German colonization of the Americas
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The German colonization of the Americas consisted of German settlements in Venezuela (German: Klein-Venedig, also German: Welser-Kolonie1), St. Thomas, Crab Island (Guyana), and Ter Tholen (Tortola) in the 16th and 17th centuries.
Klein-Venedig ("Little Venice") was the most significant part of the German colonization of the Americas, from 1528 to 1546, in which the Augsburg-based Welser banking family obtained colonial rights in Venezuela Province in return for debts owed by Charles I of Spain. The primary motivation was the search for the legendary golden city of El Dorado. The venture was initially led by Ambrosius Ehinger, who founded Maracaibo in 1529. After the deaths of first Ehinger (1533) and then his successor Georg von Speyer (1540), Philipp von Hutten continued exploration in the interior, and in his absence from the capital of the province the crown of Spain claimed the right to appoint the governor. On Hutten's return to the capital, Santa Ana de Coro, in 1546, the Spanish governor Juan de Carvajal had Hutten and Bartholomeus VI. Welser executed. Subsequently Charles V revoked Welser's charter.
The Welsers transported German miners to the colony, as well as 4,000 African slaves as labor to work sugar cane plantations. Many of the German colonists died from tropical diseases, to which they had no immunity, or hostile Indian attacks during frequent journeys deep into Indian territory in search of gold.
The Brandenburgisch-Africanische Compagnie of Brandenburg (the future Kingdom of Prussia) established trading posts in Africa and leased a trading post on St. Thomas from the Danish West India–Guinea Company in 1685. In 1693, the Danes seized the post, its warehouse, and all its goods without warning or repayment. There were no permanent German settlers.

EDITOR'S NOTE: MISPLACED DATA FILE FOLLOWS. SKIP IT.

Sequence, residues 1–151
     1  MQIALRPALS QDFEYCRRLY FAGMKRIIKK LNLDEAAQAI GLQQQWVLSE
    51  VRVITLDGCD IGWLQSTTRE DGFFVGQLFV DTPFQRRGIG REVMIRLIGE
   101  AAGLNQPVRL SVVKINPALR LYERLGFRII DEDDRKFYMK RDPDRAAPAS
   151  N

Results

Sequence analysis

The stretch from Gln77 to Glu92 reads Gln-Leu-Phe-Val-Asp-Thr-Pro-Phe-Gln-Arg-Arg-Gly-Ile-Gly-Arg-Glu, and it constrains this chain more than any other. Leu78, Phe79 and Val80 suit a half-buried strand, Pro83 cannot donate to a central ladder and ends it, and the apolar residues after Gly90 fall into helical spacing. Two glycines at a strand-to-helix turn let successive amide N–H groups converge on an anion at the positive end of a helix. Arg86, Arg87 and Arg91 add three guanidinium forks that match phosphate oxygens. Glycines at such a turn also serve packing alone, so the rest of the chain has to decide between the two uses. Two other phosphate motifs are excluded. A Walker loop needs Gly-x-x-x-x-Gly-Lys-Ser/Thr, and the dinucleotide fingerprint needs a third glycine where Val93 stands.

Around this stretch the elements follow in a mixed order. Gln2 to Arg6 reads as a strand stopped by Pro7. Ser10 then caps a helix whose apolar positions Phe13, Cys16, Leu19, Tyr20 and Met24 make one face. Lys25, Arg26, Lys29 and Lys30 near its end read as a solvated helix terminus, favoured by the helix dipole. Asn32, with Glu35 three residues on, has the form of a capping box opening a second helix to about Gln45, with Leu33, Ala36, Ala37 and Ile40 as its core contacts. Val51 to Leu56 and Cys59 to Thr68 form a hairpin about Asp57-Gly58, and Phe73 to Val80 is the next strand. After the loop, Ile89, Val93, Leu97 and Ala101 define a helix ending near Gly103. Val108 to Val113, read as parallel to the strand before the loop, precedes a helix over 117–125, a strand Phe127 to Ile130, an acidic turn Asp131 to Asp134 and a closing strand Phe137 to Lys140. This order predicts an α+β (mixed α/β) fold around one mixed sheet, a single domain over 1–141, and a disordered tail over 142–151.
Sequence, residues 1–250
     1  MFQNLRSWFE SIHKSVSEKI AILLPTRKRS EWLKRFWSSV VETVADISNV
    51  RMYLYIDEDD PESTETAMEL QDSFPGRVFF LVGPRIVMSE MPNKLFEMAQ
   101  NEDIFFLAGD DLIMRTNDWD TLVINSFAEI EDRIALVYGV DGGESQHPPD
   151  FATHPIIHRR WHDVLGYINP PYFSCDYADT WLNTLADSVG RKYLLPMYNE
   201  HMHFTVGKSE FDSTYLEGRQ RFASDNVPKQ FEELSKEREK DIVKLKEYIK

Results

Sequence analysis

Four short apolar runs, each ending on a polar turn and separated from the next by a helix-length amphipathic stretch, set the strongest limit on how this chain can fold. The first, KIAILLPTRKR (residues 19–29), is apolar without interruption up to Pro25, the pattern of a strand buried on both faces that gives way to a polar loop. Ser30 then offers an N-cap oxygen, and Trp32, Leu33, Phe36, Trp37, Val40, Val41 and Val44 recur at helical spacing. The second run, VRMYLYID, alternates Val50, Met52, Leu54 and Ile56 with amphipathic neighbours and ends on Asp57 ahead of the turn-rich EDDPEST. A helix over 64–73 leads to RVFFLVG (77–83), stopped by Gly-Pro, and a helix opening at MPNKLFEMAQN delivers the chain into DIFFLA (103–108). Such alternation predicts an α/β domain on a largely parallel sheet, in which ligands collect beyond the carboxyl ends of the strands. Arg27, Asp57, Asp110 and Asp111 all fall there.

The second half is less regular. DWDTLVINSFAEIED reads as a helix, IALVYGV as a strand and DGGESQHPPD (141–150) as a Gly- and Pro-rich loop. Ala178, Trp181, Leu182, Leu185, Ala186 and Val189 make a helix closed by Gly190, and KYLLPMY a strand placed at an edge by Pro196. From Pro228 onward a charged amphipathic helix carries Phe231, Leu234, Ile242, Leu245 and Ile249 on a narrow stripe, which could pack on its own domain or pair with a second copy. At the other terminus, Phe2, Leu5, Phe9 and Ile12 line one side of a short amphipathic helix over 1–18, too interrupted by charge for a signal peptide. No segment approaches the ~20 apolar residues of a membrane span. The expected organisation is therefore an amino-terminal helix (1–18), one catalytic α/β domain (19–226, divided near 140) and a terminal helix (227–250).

The Duchy of Courland, a German-led vassal state of the Polish-Lithuanian Commonwealth, leased New Courland (Neu-Kurland) on Tobago in the Caribbean from the British. The colony failed and was restored several times. A final Courish attempt to establish a Caribbean colony involved a settlement near modern Toco on Trinidad.2
The counties of Hanau-Lichtenberg and Hanau-Münzenberg, under Frederick Casimir and his adviser Johann Becher, funded – but did not complete – an extravagant program to lease Guiana from the Dutch West India Company. Calling his new realm the Hanauish Indies (Hanauisch-Indien), Frederick Casimir ran up huge debts that ultimately forced his overthrow and the redivision of his counties.
German settlers also immigrated to the established colonies in South America:
- Colonia Tovar, Venezuela
- Chile's Southern Zone
- southern Brazil
- Patagonia, Argentina
- Soconusco region in Chiapas, Mexico
- Alta Verapaz, Guatemala
- Pozuzo and Oxapampa in Peru
The Germans established the thriving town of Colonia Tovar in Venezuela. They were invited by local governments and did not owe allegiance to any European nations. Their descendants have intermarried with and merged into the local populations of those countries.
- German interest in the Caribbean, German efforts in 1867-1917
- German colonial empire, after 1880
- German Argentine
- German Brazilian
- German Chilean
- German Peruvian
- Germans of Paraguay
- Nueva Germania
- Pozuzo, a peruvian community of German origin.
- Pennsylvania Dutch, a U.S. community of German origin.
- Kołodziejczyk, Dariusz. Mówią wieki. "CZY RZECZPOSPOLITA MIAŁA KOLONIE W AFRYCE I AMERYCE?". (Polish)
- History of colony (German)